Regarding Minnesota inability to stop being politically Correct, well that pretty much sums up the entier state south of Fort Ripley doesn’t it?

  6. This is all really disappointing. I am so sick of the little guy getting picked on all the time in every aspect of this world, now it’s college hockey too.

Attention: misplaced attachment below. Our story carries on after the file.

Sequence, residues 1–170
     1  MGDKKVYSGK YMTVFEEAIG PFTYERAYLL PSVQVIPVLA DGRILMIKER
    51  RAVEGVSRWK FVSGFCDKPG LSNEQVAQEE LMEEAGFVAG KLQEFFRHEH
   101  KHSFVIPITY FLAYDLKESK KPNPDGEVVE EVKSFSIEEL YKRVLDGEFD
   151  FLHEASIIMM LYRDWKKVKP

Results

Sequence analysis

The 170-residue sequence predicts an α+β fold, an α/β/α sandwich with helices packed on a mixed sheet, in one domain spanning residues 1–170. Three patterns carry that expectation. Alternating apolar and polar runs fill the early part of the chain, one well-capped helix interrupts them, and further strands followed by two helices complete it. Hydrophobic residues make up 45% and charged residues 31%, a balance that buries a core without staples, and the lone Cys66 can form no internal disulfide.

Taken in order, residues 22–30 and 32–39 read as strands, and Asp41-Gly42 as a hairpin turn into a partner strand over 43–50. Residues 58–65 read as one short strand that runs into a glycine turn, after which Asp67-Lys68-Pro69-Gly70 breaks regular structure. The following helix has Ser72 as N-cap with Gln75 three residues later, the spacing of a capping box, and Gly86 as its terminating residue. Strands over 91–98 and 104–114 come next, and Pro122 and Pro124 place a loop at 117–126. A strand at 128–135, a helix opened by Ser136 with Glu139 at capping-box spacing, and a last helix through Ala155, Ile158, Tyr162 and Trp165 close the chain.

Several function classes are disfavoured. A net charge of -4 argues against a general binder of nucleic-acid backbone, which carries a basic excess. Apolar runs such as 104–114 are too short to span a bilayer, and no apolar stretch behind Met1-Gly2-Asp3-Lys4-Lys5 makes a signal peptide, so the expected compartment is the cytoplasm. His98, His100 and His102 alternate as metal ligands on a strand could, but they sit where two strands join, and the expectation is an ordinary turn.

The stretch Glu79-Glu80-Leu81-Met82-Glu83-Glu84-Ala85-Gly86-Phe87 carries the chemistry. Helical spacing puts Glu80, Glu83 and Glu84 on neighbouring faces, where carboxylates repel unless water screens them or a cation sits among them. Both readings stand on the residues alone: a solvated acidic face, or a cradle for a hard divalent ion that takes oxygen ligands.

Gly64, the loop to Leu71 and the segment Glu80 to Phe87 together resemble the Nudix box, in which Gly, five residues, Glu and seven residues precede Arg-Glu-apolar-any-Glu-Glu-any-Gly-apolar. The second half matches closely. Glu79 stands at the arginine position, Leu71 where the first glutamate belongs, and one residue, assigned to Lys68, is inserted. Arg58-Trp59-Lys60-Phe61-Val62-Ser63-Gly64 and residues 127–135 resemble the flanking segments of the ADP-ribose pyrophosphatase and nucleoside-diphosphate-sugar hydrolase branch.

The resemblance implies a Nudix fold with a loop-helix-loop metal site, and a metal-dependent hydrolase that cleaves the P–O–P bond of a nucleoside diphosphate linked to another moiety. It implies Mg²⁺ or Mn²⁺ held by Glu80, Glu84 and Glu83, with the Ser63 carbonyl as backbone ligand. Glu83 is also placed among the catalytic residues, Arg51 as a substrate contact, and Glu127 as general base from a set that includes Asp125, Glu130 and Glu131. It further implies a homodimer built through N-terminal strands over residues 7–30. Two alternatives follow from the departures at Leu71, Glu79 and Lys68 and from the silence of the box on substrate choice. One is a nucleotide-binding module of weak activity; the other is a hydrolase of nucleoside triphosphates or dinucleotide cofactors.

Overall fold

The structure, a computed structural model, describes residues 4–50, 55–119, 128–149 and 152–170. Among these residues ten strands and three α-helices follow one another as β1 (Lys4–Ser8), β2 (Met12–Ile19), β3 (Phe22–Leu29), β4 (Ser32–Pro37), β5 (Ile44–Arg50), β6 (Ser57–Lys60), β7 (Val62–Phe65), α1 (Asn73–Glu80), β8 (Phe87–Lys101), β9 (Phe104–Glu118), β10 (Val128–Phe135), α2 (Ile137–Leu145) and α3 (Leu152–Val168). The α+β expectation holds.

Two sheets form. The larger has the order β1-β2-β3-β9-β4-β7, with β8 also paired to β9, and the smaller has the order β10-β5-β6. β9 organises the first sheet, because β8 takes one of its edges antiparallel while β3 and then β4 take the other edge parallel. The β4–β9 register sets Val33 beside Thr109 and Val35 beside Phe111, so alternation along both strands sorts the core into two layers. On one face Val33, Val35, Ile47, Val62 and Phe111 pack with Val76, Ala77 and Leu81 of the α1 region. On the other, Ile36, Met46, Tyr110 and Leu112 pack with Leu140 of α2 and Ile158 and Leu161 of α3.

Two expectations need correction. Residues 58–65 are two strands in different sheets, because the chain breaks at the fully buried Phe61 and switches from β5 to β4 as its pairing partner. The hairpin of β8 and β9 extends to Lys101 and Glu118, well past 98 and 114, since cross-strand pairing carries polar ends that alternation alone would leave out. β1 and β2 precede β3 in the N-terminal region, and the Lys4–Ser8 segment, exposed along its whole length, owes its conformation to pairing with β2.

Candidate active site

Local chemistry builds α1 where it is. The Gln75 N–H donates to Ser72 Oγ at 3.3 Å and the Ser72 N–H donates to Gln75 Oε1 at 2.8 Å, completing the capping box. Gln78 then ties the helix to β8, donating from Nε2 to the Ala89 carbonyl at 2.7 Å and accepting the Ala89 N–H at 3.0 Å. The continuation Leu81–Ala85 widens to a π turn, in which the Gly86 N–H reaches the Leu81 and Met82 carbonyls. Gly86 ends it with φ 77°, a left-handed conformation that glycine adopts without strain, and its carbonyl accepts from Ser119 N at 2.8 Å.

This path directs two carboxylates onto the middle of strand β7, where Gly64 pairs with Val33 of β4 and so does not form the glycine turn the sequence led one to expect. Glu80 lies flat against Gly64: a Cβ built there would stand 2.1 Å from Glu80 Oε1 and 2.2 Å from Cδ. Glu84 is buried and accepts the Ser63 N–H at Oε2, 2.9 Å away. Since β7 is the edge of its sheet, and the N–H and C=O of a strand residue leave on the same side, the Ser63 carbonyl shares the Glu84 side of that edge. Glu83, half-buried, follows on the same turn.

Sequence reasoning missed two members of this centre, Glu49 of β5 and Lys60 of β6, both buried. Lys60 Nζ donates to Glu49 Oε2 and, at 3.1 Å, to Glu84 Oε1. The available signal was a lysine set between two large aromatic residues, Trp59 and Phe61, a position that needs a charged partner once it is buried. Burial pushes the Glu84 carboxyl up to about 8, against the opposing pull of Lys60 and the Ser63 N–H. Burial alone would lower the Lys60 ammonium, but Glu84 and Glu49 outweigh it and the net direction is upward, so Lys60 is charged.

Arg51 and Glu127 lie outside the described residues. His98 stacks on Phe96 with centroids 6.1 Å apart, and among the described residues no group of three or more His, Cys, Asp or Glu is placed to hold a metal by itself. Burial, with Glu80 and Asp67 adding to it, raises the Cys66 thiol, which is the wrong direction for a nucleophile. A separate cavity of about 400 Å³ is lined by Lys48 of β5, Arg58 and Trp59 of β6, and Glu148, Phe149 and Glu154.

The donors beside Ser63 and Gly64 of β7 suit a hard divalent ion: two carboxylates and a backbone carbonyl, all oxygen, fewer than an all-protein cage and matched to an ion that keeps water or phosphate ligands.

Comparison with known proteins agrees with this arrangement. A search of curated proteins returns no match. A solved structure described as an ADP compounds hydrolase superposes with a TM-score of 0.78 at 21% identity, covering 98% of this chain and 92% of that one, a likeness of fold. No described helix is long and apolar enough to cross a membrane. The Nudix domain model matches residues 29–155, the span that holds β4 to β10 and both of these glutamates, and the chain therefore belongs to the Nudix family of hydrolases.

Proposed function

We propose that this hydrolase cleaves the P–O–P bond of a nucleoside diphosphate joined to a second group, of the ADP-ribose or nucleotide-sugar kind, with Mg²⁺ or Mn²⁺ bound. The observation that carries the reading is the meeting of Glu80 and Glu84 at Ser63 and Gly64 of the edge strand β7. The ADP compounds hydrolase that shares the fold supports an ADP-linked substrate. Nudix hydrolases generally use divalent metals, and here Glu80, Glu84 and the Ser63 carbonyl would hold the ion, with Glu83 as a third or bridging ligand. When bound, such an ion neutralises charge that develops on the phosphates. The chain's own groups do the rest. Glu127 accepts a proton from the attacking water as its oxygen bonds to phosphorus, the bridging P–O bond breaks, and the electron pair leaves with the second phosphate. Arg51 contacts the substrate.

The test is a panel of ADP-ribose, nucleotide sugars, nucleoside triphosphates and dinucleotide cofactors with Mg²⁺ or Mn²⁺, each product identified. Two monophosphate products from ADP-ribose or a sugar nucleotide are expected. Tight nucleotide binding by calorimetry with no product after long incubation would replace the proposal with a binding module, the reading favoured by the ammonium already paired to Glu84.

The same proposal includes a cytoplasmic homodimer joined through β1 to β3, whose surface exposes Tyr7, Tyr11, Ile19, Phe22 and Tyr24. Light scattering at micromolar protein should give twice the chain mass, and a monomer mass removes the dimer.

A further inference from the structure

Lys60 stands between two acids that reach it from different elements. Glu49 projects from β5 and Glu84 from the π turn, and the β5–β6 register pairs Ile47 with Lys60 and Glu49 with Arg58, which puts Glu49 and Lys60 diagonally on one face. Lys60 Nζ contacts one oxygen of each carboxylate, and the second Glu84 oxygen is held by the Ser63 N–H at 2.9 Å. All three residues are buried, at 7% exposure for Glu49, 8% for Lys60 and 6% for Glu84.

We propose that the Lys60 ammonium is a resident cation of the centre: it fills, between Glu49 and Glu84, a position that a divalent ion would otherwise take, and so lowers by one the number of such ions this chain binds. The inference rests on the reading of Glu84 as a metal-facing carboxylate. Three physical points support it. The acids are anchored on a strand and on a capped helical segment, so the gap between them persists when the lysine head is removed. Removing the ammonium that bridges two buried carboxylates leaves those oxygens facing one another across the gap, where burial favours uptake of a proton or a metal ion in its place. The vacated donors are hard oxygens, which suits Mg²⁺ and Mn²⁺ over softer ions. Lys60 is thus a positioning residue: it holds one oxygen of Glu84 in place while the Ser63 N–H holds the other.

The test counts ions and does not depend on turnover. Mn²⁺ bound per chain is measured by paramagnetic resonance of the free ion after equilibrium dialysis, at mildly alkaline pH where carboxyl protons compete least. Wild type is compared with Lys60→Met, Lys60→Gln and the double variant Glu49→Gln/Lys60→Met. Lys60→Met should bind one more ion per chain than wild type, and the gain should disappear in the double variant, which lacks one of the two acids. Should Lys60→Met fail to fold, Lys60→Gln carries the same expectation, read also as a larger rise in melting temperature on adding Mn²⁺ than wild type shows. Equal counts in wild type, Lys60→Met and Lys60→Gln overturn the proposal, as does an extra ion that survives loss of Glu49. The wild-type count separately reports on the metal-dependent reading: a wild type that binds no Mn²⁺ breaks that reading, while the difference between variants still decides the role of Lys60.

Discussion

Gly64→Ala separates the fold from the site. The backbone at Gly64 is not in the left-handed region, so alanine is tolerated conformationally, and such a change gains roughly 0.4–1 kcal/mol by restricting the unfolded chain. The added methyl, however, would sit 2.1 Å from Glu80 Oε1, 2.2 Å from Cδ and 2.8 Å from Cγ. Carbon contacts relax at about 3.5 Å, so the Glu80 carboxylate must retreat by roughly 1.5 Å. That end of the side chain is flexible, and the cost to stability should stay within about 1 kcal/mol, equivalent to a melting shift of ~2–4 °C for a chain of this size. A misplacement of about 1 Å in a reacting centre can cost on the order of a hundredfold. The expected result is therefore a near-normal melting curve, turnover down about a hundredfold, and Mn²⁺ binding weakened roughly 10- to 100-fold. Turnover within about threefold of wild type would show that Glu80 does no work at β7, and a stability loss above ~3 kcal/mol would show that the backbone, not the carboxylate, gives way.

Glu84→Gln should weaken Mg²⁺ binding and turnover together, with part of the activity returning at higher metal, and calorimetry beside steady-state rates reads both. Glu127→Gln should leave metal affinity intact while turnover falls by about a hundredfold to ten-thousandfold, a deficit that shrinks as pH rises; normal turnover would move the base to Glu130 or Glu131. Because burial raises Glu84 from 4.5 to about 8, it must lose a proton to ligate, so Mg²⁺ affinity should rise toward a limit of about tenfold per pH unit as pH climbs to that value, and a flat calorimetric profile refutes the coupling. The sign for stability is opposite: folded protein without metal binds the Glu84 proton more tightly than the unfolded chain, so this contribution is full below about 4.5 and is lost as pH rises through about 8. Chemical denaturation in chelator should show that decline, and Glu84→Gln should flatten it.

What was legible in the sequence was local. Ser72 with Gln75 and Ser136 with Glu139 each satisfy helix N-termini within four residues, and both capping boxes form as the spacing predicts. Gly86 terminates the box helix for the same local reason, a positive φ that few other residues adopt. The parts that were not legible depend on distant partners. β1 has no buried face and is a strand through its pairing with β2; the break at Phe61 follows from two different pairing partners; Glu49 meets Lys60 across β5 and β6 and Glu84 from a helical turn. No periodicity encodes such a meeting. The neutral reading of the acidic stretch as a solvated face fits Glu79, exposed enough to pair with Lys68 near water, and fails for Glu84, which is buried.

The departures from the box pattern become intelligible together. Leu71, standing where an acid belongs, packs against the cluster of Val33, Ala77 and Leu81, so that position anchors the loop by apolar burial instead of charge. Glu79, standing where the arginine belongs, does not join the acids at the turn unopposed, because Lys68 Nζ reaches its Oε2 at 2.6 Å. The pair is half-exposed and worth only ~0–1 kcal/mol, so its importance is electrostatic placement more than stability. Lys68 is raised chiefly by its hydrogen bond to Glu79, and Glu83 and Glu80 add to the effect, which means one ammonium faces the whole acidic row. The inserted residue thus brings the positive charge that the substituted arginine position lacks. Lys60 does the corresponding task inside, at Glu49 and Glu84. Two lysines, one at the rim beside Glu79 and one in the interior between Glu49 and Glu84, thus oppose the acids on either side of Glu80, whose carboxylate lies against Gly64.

Everyone is just after money now, no one wants to just play and keep tradition alive. I feel for all the small schools that will be hurt by this, BSU included. I hope that the WCHA and CCHA can stay afloat and really stick it to these other schools and steal bids and hopefully a few championships from them too. I think some of these bigger schools have seen that the gap between them and the small schools is closing and they needed to do something about it. They need to find a way to keep the little guy down and it is just sickening. I am sure if they had their way, they would make sure that only 20 teams in the country even played division one so they could keep it all to themselves. And I think UND is the most disappointing part of all of this. They have always seemed to help the little guy, were always there for BSU and now they are turning their backs on them. The name change, now the new conference. They are a bunch of sellouts. This whole thing is just really awful.